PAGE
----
Monthly Archives: July 2012
And here it is on Kobo
Tried to publish to Apple yesterday but was halted by the fact I don’t have an ITIN or other US tax number without which you cannot sell directly into the Ibookstore. Curses! So am going to use Lulu to get into both the IBookstore and Barnes and Noble. Not an easy format at Lulu, though, had to change first the size of the over–the pixel size that is–which had presented no problem on either Kindle or Kobo. And then when that was sorted, another problem arises with price verification and the Help section no use at all to resolve it. Have contacted them directly now, will see what happens.
Big day! I’ve just this very moment finally uploaded the first Sixteen Press e-book, The Great Deep and Tales of the Uncanny , to both Kindle and Kobo. In a couple of days the book will be officially available on both Amazon and Kobo. And then we’ll see what happens!After humming and haa-ing for ages, and reading through any amount of people’s experiences, I’ve chosen the 70 percent royalty option on Kindle–the size of my book is not large and delivery costs are minimal. Of course that 70 percent royalty only applies in certain territories, including the US and UK and Europe, but not including my primary market of Australia. Kobo’s different and was also very simple to use, simpler even than Kindle in some ways. Not sure yet about going through the Apple store, of course it would be great, but it does look somewhat complicated.
I could have gone initially through an aggregator like Smashwords but as my file was already in EPub format through pressbooks, it wasn’t the best option. I may go through that route another time, just to check which is best.
Have sent a letter to the IRS re being knocked back for an ITIN but I’m not holding my breath they’ll respond positively! So for the moment am just going, as far as Amazon is concerned, through paying the US withholding tax and then seeing if I can get back at least some of it through the Australian tax system. Another irritating thing with Amazon is that they’ll be paying in cheques/checks in American dollars, because I don’t have a US or UK bank account. But Kobo’s great because you don’t need an ITIN and they pay in Australian dollars into your local nominated bank account. Much more flexible for us non-US and non-UK-based self-publishers!
I changed a few things about the file over the last few months, took out some of the photos so that theey wouldn’t be too distracting, played around with formatting etc, ran the complete file through the E-Pub validator online(an excellent free service for self-publishers by the way, and absolutely invaluable. More housekeeping to do now–register my book’s ISBN in Books in Print, books in publication, etc etc, but very soon I’ll be able to announce the actual arrival of the e-book in the e-tailers, which is great. It’s been a bit of a long haul, longer than I anticipated when I first started, but it’s all a learning experience, isn’t it!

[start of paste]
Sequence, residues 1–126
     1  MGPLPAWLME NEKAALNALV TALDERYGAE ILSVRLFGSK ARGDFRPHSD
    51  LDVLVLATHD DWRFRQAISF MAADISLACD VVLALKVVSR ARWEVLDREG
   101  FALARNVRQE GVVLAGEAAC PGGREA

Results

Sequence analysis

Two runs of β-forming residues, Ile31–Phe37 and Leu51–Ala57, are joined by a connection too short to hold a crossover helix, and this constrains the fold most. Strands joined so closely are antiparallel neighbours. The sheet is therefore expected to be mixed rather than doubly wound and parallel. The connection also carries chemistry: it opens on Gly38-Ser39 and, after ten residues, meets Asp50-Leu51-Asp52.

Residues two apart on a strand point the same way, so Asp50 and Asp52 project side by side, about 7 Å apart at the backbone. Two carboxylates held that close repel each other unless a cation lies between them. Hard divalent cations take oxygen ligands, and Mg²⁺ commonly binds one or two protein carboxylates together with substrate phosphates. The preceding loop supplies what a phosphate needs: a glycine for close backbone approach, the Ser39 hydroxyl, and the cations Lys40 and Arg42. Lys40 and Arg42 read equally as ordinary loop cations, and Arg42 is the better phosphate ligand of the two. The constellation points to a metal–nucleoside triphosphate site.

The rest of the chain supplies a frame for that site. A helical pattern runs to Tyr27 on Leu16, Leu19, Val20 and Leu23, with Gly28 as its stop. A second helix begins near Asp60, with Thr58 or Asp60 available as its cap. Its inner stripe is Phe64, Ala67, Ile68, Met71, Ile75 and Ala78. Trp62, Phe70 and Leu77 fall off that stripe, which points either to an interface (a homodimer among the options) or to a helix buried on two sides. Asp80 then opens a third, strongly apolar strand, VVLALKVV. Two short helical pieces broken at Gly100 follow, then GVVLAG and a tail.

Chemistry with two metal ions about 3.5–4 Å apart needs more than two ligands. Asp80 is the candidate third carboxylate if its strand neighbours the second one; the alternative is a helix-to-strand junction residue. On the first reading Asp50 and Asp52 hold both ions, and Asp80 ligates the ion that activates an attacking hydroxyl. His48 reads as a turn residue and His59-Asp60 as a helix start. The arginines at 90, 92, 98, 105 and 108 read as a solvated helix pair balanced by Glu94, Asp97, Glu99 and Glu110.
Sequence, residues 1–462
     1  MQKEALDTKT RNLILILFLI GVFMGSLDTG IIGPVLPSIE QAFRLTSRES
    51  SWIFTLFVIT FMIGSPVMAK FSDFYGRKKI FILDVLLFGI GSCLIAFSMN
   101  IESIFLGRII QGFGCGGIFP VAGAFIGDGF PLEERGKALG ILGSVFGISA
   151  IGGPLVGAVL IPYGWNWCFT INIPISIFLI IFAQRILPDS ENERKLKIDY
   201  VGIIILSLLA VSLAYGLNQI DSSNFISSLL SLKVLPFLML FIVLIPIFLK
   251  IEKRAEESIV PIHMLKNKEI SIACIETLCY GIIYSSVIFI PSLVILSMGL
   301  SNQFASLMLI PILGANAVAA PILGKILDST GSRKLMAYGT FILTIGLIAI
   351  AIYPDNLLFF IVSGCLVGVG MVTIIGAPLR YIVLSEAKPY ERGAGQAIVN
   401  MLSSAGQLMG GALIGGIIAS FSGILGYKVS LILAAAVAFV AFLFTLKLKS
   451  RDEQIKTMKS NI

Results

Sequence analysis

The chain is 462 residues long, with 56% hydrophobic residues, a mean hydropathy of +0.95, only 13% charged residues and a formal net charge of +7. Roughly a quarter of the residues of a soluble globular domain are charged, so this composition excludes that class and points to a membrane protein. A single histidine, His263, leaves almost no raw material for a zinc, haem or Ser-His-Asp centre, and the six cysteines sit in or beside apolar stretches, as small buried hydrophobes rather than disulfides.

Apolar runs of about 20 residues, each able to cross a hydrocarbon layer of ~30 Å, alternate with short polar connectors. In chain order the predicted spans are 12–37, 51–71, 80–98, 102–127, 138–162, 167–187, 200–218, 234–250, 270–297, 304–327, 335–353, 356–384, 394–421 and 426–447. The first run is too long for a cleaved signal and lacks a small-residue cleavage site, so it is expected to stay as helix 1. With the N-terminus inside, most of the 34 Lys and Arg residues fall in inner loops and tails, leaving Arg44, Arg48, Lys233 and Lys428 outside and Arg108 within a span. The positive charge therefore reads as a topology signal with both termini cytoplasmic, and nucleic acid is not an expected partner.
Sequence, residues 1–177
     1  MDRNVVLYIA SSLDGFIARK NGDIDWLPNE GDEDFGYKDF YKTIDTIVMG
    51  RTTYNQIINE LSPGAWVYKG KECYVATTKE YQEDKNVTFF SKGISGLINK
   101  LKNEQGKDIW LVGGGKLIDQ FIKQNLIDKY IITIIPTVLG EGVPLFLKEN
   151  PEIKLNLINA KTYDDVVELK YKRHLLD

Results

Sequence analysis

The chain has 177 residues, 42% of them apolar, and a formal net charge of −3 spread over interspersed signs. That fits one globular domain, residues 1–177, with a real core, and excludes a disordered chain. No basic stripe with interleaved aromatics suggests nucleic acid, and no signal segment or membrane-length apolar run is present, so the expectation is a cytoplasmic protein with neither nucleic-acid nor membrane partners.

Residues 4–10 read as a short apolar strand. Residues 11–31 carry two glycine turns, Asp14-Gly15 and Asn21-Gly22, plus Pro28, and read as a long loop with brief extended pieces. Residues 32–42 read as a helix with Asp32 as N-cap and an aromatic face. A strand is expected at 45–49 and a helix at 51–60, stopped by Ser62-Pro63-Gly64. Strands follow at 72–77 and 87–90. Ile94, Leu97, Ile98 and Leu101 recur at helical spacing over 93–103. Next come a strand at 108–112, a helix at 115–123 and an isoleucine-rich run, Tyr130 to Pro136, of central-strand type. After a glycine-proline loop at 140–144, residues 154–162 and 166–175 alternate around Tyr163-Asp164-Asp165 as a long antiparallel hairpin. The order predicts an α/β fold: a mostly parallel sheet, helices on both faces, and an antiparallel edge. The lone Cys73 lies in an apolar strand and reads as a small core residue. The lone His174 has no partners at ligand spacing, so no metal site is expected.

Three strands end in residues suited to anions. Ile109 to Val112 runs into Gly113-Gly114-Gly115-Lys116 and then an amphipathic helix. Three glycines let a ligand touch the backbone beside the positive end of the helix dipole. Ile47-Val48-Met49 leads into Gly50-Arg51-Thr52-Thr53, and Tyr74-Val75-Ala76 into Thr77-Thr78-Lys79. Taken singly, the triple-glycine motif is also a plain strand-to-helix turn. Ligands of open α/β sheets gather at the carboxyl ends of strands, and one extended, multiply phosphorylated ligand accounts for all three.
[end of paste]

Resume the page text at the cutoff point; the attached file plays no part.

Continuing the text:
Frustrated and annoyed yesterday to discover in my mail-box a terse communication from the IRS in the USA to the effect that ‘We have rejected your ITIN application’–this despite the fact I had the documents notarised at the US Consulate in Sydney, filled in the form correctly, sent in all the documentation that was needed. I had applied for an ITIN a couple of years ago when I had several essays published in American anthologies, and was rejected then because I didn’t have the documents correctly notarised, and so I just let the tax come out and forget about trying to get an exception
This time, I went over everything with a fine tooth comb–to no avail. As the US Consulate sighted both my form and copy of my passport, and notarised that document without question, including affixing their official apostille, I thought I was done and dusted. Apparently not. But do you think the IRS has provided any reason for rejecting the application? Not on your nelly, apart from a bland sentence saying ‘the supporting documents don’t support the exception you claimed.’ No way of knowing why, which, how, and the ‘what you need to do’ column gives no clue either as to what was supposedly wrong, because all the boxes I’m supposed to have ticked, I did!
I could write them a letter but as they took weeks and weeks to respond anyway with their form letter, I don’t know if I want to be bothered, as I’m keen for The Great Deep to come out in early August if possible. I think I’ll have to go the way I did originally, and as I know other writer friends do, when they’ve hit the same snag: simply allow the withholding tax to be taken out, and claim it as overseas tax paid on my tax return. One thing I can say–the Australian Tax Office looks really good beside the IRS–much easier to deal with, much less opaque and much more informative!
This is certainly an aspect of self-e-publishing that is not at all pleasant!
My friend and fellow writer Isobelle Carmody, who is a well-known author of wonderful and very popular award-winning fantasy novels for young adults and children, published both in Australia and very widely internationally, has also launched herself into the adventure of e-publishing, with the self-published e-edition of her early novel, Greylands, which is being launched this month. To celebrate, she and her team created a wonderful micro-site which will not only launch the Greylands e-edition online, with a trailer, competitions, and more, but also features a month-long ‘Great E-Book Debate’ on all sorts of facets of the extraordinary new world of e-publishing. There’s a guest post every day, and today it’s my turn.
This post is about an unexpected effect of the e-publishing adventure, and I hope you enjoy it. As the Greylands site is only up for a month, I’ll be also publishing it later here on this site.